I listened to a conversation with a smart guy named David Krakauer recently. He’s head of the Santa Fe Institute which is a place where super-smart types go to hang out and think about things. Good job, eh? He studies the evolution of complexity with an interest in what he calls ‘stupidity’.
He remarks that lots of people study excellence and success and intelligence, but few ask about being stupid. He uses a Rubik’s Cube to describe stupid. The cube can be solved randomly in a billion squared moves or so. Thus, with enough time (more time than has existed in the universe), anyone can solve the cube. So Krakauer sets the smart/stupid bar at the random solution to the Rubik’s Cube. ‘Smart’ is when people learn steps that help them solve the cube. They remember those steps and use them to formulate a plan to make success easier and faster. In this case, it’s learning how to spin the cube to align the colors on all faces. By doing so, people can solve the puzzle faster than they could making random moves. I’ve never solved the cube but knew a girl who could take any random cube and solve it in less than thirty seconds. (Go here to find a solution to the cube.)
‘Stupid’ is when people perform in a way that will never, ever lead to success such as learning how to align the colors on one face only. You will never be able to beat the cube by aligning one face only. Without learning how the faces interact you fall into the trap of doing the same thing while expecting different results. He argues well, I think, that what we call intelligence and IQ are really just the results of a trained memory and that ‘smart’ is the ability to make complex things simple.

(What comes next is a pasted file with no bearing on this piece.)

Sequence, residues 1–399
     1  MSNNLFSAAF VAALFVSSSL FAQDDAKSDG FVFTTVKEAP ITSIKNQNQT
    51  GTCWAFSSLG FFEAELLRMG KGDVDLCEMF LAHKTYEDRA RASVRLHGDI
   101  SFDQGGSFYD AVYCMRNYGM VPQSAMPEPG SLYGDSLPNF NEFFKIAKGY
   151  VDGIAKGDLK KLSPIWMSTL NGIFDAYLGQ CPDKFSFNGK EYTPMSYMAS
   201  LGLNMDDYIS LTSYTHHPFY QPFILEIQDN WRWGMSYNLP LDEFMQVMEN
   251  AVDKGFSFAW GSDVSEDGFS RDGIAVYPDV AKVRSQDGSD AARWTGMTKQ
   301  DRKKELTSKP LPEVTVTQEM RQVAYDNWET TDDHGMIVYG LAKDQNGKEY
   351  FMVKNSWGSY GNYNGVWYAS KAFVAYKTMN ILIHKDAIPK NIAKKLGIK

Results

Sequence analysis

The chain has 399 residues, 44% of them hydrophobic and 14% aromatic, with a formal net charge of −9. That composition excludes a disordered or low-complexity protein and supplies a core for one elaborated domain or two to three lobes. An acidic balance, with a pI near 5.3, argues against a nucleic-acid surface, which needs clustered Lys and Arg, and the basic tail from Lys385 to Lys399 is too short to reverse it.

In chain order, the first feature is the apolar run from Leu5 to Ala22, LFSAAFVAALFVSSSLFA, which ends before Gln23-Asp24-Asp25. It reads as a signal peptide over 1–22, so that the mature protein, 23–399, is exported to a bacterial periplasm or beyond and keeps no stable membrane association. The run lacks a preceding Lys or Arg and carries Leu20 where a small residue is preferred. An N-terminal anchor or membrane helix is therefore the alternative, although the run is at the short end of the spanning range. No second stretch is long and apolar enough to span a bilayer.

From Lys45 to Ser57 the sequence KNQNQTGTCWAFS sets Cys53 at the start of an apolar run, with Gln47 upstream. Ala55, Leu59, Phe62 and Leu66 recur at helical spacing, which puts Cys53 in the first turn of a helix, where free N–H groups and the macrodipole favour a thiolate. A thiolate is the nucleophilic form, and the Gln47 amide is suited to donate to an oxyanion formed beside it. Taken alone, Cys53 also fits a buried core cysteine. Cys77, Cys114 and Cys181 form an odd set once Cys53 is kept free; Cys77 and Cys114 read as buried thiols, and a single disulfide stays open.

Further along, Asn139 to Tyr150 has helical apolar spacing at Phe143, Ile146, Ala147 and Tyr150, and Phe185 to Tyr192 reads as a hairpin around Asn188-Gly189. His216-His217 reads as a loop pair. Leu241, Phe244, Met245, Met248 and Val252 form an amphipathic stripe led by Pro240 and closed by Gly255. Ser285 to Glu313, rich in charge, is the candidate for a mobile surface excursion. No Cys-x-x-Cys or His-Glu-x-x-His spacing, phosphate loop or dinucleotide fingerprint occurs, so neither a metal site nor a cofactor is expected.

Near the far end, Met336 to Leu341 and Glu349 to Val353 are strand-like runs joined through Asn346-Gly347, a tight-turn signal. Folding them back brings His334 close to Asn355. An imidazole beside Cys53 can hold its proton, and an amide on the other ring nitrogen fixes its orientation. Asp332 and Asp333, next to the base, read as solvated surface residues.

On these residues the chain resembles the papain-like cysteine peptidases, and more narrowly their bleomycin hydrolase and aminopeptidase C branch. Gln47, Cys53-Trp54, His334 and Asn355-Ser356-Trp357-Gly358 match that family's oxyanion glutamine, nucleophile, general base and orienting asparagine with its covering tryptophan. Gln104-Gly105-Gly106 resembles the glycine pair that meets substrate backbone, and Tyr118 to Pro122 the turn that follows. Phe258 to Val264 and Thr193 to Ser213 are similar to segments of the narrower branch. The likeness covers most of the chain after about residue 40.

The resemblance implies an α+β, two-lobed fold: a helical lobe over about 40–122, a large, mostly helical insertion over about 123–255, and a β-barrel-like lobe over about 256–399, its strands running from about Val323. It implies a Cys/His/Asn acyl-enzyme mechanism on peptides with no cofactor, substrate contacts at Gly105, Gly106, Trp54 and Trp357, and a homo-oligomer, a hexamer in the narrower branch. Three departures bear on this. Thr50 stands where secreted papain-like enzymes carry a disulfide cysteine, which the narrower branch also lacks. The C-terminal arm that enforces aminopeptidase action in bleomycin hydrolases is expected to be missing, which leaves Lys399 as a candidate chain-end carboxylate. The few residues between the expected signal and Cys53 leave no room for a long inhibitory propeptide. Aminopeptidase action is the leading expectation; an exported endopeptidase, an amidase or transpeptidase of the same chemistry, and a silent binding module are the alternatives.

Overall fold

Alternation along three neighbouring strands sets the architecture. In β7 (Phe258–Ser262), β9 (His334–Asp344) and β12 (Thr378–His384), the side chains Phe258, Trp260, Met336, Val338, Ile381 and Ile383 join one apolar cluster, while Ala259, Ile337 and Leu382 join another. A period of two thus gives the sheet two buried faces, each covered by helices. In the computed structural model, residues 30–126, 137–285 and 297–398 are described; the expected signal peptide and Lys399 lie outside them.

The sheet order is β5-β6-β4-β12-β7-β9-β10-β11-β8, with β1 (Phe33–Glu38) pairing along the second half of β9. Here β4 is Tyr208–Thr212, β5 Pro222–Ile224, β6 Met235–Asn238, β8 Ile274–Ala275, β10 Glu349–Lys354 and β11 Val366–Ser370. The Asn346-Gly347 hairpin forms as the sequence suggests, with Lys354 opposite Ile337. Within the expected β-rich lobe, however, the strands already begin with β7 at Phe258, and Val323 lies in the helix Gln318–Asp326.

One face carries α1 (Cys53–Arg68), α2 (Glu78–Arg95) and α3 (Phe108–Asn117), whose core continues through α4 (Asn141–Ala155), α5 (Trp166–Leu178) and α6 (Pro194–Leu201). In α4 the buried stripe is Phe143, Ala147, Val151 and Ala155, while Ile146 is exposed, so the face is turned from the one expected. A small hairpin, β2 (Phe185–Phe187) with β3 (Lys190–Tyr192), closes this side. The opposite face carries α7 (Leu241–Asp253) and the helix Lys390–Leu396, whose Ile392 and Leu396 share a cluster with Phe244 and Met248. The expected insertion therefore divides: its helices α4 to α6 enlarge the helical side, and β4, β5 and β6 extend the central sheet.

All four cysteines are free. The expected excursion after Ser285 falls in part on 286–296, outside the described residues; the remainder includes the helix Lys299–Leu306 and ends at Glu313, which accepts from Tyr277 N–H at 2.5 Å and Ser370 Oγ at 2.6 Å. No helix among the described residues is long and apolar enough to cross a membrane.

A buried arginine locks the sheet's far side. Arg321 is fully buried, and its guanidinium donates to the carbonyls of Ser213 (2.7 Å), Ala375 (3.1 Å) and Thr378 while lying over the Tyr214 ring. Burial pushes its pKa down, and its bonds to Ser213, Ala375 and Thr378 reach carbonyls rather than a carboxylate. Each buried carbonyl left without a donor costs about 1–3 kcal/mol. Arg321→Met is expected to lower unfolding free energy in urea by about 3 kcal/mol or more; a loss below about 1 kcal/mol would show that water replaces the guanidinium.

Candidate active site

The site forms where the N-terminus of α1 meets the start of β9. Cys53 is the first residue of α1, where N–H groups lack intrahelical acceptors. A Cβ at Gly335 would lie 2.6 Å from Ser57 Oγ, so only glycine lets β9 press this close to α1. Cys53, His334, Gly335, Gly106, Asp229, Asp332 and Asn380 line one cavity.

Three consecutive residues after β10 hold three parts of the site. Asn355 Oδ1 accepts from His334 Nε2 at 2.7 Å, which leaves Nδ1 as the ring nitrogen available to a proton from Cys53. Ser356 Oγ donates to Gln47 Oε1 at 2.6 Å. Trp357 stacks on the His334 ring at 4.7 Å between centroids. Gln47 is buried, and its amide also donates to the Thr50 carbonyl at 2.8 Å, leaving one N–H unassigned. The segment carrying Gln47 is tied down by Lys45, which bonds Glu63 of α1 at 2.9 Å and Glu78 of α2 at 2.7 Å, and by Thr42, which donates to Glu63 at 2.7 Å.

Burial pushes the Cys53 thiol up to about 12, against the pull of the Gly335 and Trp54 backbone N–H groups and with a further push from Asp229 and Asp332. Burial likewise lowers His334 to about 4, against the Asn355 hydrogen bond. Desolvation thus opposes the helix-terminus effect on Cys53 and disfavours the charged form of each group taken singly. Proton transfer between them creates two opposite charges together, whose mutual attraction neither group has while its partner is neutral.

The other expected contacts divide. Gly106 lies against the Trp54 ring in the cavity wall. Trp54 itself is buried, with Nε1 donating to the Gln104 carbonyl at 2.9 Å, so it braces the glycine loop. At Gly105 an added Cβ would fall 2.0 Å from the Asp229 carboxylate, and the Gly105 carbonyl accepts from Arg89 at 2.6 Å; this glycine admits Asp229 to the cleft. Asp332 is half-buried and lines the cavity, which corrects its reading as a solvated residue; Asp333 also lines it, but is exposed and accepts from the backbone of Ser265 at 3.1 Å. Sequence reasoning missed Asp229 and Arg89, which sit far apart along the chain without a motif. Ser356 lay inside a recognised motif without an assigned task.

Smart or Stupid? Or Good Decisions?
I would tone Krakauer’s language down. The question for mortals isn’t stupid or smart. It’s good decisions or poor decisions. Good decisions make our days happy and fulfilling. We don’t all play with spinning cubes, but we all charge through our day making hundreds of decisions. Some we think about, and many we don’t. We often make the same decisions thinking that this time will be different. I think that if I yell or if I get down on the level of my nine-year-old or if I set the timer for fifteen minutes, surely they will get the picture this time? But they don’t. And you don’t. I don’t. Most times that’s okay. The world will not collapse if your child doesn’t make their bed. Sometimes, it’s important. Have you spent more money this month than you’ve made? I’ve done that. It’s math that doesn’t work in the long run. Spending more than you bring home is a habit that will finally catch up with you. So take the question seriously. What are you doing today that you are expecting to get different results from than you’ve ever had before?
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A very good read about decision making and the brain: